“I’m glad that we got it all out, got it out in the open so that everybody knows what everybody is doing and we can just kind of get it behind us and go racing. It’s only July and there is a ton of racing left to do. Got a lot of things we still want to accomplish with the 20. It’s been a great four-and-a-half years, and I certainly want the last four or five months to be great as well.

“Really nothing to feel bad about. Just go work hard and race hard and try to win some races. I feel like that I’m in one of the best cars in the garage. I’ve got a lot to be thankful for. I’ve got a great opportunity in front of me here these next few months to go out and win some races and hopefully go race for another championship.

“Everything is there that we need. It’s all there in right in front of us. Not every driver can say that they got the opportunity to be in those cars. I think to get distracted and think about and talk about and worry about next year, it would really be taking away from what we’re trying to do right now.”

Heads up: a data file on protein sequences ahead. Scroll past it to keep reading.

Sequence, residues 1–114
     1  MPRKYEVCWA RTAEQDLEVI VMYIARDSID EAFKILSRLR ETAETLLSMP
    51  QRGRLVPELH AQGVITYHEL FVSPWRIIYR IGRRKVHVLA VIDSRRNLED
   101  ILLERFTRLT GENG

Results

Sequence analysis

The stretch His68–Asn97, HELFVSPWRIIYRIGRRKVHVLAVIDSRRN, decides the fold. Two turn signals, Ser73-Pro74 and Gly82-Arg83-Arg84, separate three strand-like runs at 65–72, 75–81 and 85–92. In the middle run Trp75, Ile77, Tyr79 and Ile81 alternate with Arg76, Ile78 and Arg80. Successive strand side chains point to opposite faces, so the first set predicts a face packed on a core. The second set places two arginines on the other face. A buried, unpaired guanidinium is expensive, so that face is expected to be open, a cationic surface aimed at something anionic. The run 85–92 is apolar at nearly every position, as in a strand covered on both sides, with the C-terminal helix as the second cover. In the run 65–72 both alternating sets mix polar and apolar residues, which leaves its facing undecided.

Kenseth is coming off a fourth-place finish last weekend at New Hampshire Motor Speedway. He holds the final playoff spot with seven races left until the playoffs begin. Kenseth, who has 38 career Cup victories, has gone 36 races without a win.

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Sherry Pollex celebrates Martin Truex Jr.’s win in hospital after surgery for ovarian cancer recurrence

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There was a noticeable face absent from the celebration following Martin Truex Jr.‘s win Saturday night at Kentucky Speedway.

Instead of meeting him in victory lane, Truex’s longtime girlfriend, Sherry Pollex, was celebrating from a hospital bed.

While she was celebrating Truex’s 10th career Cup win, she was also celebrating having undergone successful surgery to deal with a recurrence of the ovarian cancer she was originally diagnosed with in 2014.